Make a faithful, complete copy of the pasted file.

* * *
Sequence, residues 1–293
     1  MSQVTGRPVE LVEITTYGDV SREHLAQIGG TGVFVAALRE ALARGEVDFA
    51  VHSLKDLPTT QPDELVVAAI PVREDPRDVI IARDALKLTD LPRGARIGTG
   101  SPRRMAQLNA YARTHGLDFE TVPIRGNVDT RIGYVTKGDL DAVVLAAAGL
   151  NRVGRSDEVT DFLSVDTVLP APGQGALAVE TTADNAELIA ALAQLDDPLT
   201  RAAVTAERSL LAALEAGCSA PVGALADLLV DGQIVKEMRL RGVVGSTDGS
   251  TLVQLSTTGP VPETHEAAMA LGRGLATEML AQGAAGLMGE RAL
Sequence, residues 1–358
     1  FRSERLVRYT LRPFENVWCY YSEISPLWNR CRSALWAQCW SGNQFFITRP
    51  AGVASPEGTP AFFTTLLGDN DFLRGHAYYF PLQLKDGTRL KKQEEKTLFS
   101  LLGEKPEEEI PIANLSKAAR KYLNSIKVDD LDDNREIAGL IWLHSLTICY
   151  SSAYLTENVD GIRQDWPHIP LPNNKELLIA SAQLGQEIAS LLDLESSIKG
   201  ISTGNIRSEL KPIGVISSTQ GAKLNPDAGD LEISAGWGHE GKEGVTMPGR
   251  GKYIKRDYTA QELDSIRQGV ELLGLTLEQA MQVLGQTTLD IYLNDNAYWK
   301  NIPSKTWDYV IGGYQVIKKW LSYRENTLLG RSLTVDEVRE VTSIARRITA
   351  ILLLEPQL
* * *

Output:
Sequence, residues 1–293
     1  MSQVTGRPVE LVEITTYGDV SREHLAQIGG TGVFVAALRE ALARGEVDFA
    51  VHSLKDLPTT QPDELVVAAI PVREDPRDVI IARDALKLTD LPRGARIGTG
   101  SPRRMAQLNA YARTHGLDFE TVPIRGNVDT RIGYVTKGDL DAVVLAAAGL
   151  NRVGRSDEVT DFLSVDTVLP APGQGALAVE TTADNAELIA ALAQLDDPLT
   201  RAAVTAERSL LAALEAGCSA PVGALADLLV DGQIVKEMRL RGVVGSTDGS
   251  TLVQLSTTGP VPETHEAAMA LGRGLATEML AQGAAGLMGE RAL
Sequence, residues 1–358
     1  FRSERLVRYT LRPFENVWCY YSEISPLWNR CRSALWAQCW SGNQFFITRP
    51  AGVASPEGTP AFFTTLLGDN DFLRGHAYYF PLQLKDGTRL KKQEEKTLFS
   101  LLGEKPEEEI PIANLSKAAR KYLNSIKVDD LDDNREIAGL IWLHSLTICY
   151  SSAYLTENVD GIRQDWPHIP LPNNKELLIA SAQLGQEIAS LLDLESSIKG
   201  ISTGNIRSEL KPIGVISSTQ GAKLNPDAGD LEISAGWGHE GKEGVTMPGR
   251  GKYIKRDYTA QELDSIRQGV ELLGLTLEQA MQVLGQTTLD IYLNDNAYWK
   301  NIPSKTWDYV IGGYQVIKKW LSYRENTLLG RSLTVDEVRE VTSIARRITA
   351  ILLLEPQL